Look: 300,000 stage pro-Palestinian rally in London

They waved black, red, white and green Palestinian flags and held aloft placards proclaiming 'Stop Bombing Gaza'

By AFP

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Photos: Reuters/AFP
Photos: Reuters/AFP

Published: Sat 11 Nov 2023, 9:51 PM

About 300,000 people marched through the British capital on Saturday, as pro-Palestinian supporters made a new call for a Gaza war ceasefire.

Authorities had feared trouble as the "National March for Palestine" was scheduled for Armistice Day, Britain's annual commemoration of its war dead. Dozens of arrests were reported.

The march set off after a two-minute silence was observed at The Cenotaph war memorial in central London.

A police spokesman said about 300,000 were estimated to be taking part.

Protesters waved black, red, white and green Palestinian flags and held aloft placards proclaiming "Stop Bombing Gaza".

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There have been nearly weekly rallies in London since the October 7 Hamas attacks on Israel, in which at least 1,200 people were killed and 239 people taken hostage, according to Israel.

The Israeli air and ground military campaign in response has left over 11,000 people in Gaza dead, according to the Hamas-run health ministry.

Shouts of "free Palestine", "ceasefire now" rang out from the London protest.

"Forget the political stance, forget everything else, you can't stand around while people are getting killed," Shiraz Bobra, 41, who travelled from Leicester, central England, told AFP. He added that he would come every week until a ceasefire was enforced.

Gavin Searle, a 58-year-old television director from Hastings in south England, said he had come "to show solidarity with the Palestinians when there's a massive injustice taking place."

Roman Catholic priest Father John McGowan added: "I feel for the Palestinians because their land is occupied and their occupiers can be cruel" and said he hoped for a two-state solution.

London police have made nearly 100 arrests at previous pro-Palestinian marches, including for supporting Hamas.

Amidst the public order fears, Prime Minister Rishi Sunak made a late plea for calm late on Friday, calling for protesters to act "respectfully and peacefully".

March organisers had changed the route from Hyde Park to the US Embassy in south London to ensure it will not pass any landmark memorials.

Metal barriers have been placed around the area containing the most significant memorials, and an exclusion zone created, with police able to arrest any marchers who try to breach it.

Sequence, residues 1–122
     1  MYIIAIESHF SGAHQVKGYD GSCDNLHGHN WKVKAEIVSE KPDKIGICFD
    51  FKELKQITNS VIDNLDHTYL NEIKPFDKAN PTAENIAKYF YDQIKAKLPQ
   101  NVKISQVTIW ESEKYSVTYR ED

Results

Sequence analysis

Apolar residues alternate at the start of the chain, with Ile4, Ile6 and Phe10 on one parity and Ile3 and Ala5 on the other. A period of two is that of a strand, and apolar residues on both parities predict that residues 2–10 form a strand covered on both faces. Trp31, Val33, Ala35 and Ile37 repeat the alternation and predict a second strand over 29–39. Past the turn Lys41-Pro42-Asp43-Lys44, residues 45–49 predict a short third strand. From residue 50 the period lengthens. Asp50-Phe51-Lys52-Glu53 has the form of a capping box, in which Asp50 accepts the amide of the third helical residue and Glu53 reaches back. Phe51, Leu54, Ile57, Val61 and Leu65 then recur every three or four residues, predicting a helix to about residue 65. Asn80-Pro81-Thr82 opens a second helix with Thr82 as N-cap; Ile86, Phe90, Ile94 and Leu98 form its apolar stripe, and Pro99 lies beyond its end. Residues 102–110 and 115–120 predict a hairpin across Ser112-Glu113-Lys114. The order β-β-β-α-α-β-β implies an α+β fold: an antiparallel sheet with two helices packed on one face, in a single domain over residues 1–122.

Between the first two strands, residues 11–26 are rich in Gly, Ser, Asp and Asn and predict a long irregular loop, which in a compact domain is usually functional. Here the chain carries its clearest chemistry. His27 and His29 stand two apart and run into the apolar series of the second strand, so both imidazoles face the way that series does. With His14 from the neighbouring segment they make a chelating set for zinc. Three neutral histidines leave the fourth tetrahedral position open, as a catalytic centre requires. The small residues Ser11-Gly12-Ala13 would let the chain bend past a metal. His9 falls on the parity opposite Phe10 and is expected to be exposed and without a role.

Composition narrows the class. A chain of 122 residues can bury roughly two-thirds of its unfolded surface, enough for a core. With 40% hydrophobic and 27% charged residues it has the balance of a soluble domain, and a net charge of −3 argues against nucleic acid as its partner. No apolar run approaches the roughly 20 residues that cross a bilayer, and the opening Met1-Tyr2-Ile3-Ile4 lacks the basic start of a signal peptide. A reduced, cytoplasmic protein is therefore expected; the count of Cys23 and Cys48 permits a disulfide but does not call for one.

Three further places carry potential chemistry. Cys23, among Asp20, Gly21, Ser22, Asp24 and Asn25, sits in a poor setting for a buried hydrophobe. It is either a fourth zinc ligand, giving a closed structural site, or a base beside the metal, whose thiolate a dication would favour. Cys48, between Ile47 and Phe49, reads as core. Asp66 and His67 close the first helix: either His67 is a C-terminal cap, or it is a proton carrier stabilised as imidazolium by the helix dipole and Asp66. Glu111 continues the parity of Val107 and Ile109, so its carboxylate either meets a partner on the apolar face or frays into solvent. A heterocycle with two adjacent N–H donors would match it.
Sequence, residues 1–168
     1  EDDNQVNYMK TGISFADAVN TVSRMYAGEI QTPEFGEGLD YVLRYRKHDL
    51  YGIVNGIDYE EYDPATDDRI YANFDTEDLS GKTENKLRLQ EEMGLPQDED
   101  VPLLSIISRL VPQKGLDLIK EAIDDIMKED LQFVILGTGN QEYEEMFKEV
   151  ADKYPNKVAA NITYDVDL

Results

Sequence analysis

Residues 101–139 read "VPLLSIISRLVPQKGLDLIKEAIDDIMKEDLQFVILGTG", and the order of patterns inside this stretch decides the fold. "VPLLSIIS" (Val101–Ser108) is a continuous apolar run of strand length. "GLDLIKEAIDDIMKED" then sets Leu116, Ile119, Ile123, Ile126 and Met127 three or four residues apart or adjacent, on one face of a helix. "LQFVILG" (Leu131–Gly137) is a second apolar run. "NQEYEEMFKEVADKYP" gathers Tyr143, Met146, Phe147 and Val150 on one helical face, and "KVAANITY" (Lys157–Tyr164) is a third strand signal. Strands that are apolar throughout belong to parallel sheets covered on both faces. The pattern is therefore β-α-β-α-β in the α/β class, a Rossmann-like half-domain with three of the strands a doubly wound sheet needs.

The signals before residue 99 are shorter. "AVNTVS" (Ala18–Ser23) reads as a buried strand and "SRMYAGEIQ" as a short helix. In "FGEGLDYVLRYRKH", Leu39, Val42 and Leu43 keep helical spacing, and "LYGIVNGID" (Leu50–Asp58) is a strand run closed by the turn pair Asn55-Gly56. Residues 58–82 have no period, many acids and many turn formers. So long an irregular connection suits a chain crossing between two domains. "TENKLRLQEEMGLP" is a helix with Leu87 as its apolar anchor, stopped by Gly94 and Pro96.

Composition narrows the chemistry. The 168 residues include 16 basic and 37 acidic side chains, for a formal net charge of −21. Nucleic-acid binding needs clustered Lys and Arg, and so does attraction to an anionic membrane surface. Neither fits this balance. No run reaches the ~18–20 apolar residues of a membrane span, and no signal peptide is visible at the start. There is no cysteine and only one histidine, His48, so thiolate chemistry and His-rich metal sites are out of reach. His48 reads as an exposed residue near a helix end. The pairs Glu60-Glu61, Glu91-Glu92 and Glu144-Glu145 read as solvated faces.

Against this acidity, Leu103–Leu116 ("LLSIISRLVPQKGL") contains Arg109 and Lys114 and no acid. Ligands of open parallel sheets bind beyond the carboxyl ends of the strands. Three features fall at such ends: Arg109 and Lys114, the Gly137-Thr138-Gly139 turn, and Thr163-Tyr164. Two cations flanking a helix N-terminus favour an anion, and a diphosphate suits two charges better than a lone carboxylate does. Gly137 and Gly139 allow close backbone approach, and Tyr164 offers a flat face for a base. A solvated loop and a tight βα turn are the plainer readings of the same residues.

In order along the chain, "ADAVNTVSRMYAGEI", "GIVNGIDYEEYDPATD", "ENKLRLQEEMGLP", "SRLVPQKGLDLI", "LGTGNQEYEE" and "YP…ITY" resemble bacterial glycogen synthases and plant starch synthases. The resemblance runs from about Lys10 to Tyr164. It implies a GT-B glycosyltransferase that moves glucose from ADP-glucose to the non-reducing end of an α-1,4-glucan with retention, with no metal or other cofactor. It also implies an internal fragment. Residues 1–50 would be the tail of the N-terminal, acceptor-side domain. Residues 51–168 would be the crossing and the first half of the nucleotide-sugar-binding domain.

Thousands of people wearing red poppies — the symbol of remembrance — stood heads bowed at The Cenotaph on Whitehall for a solemn ceremony of reflection, with other services held up and down the country.

Minor scuffles broke out near the memorial as counter-protesters — many dressed in black with their faces covered, and some waving England's St George's flag and the Union Jack — tried to break through police lines.

Missiles were later thrown at officers in the nearby Chinatown area, the Metropolitan Police said.

Police later said that they had arrested 82 counter-protestors in order to "prevent a breach of the peace", saying they "tried to reach the main protest march.

"We will continue to take action to avoid the disorder that would likely take place if that happened," added the statement.

Deputy Assistant Commissioner Laurence Taylor, leading the police operation, has said counter-protesters were likely to include football hooligans, and police were "likely" to have to use force at some point against "pockets of confrontation".

About 1,850 police officers, including some brought from other regions, have been drafted in to keep the peace, with 1,375 on Sunday, when a national service of remembrance takes place at The Cenotaph led by King Charles III, senior royals and political leaders.

Home Secretary Suella Braverman, an increasingly outspoken right-winger, has done little to quell tensions, by accusing police of being more sympathetic to so-called left-wing protests than others.

Support for Palestinians is a long-standing policy of the British political left.

The government was also at odds with the Met this week, with ministers calling for the march to be banned, sparking concern over political interference in operational matters.

Sunak said he would hold Met Police commissioner Mark Rowley "accountable" for his decision to allow the demonstration to go ahead.

Rowley has said, however, that it does not meet the threshold for requesting a rare government order to stop it going ahead.

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